Garden Path Sentences seem to begin one way, but quickly fall apart, forcing the reader to start over and interpret words in a new way. A simple example is: “The old man the boat.”
Don’t bore students with another dull list of spelling words. Challenge them with weekly lists of common English words and phrases borrowed from another language.
Let’s see how we can use a classic piece of poetry to enhance a lesson on parts of speech or context clues. This provides exposure to a great work and also increases the complexity of a typical task.
This type of sentence has great possibilities for classroom application because of its two different interpretations. It’s a perfect tool to: demonstrate careful reading, showcase the need for editing while writing, and encourage creativity and divergent thinking.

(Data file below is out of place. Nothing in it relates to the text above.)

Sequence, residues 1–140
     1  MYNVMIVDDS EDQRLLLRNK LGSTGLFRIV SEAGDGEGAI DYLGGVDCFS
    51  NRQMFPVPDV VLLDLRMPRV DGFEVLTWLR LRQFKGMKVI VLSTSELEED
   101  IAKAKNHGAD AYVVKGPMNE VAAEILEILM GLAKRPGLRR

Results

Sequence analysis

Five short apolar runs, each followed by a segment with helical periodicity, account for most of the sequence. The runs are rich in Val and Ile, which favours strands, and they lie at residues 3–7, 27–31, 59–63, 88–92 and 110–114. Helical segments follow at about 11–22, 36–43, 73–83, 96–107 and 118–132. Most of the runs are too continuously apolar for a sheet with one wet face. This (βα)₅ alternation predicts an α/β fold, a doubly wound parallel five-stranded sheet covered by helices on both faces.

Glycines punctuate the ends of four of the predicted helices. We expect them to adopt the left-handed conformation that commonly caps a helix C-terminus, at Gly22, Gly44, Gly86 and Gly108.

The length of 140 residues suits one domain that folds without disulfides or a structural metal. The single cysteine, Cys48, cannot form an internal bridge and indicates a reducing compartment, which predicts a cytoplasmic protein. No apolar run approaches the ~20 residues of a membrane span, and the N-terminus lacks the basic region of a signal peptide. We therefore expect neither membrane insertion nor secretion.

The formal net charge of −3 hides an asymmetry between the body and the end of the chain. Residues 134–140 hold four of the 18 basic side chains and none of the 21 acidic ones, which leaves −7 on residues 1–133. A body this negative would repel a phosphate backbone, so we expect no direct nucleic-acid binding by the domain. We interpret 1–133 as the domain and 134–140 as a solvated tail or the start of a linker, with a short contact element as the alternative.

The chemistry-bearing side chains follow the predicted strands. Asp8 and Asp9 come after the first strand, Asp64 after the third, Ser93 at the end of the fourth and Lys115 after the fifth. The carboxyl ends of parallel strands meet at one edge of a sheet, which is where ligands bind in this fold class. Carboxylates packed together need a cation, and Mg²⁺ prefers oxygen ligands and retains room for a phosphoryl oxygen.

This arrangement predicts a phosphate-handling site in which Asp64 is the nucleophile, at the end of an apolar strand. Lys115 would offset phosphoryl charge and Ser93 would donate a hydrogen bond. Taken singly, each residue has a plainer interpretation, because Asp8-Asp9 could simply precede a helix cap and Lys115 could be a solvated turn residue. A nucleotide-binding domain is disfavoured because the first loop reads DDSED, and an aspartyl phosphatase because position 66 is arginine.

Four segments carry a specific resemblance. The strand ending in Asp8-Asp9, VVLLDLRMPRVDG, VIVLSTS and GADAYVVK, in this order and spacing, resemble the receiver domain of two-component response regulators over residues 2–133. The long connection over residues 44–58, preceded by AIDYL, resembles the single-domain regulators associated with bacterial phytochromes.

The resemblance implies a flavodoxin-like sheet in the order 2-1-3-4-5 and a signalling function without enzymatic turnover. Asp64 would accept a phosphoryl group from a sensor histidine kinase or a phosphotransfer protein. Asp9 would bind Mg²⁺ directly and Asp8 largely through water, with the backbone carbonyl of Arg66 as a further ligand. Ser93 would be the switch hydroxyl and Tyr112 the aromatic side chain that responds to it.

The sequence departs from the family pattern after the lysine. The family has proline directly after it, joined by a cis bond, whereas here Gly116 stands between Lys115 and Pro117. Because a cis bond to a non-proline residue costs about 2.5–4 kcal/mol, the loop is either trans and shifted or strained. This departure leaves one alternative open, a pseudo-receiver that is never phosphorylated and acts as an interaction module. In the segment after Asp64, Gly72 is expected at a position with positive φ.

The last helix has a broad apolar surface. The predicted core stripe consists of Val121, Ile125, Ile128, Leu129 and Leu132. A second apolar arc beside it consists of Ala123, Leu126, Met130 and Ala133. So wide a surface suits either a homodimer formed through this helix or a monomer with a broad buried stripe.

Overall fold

Many gifted students blow past grade-level spelling and vocabulary at a young age. Unfortunately, a common technique to “challenge” them is to find harder and more obscure words for their spelling list. Instead, let’s take advantage of the built-in complexity of common words with multiple-meanings.
My favorite use of homographs is to create a two-column matching activity, but use only definitions – no words. Of course, the difficulty is in generating these columns, so I’ve cooked up a solution for you!
Palindromes are one of those fun ideas that some gifted kids just latch onto. We’ll check out palindromic words, phrases, and even numbers in this article.
Begin with a small, simple word and identify its antonym. Then, take this second word and find its antonym. Many times, you’ll find that an antonym of an antonym isn’t always related the original word.
A fun, abstract vocab puzzle in which students can add one letter per line, forming a pyramid of words.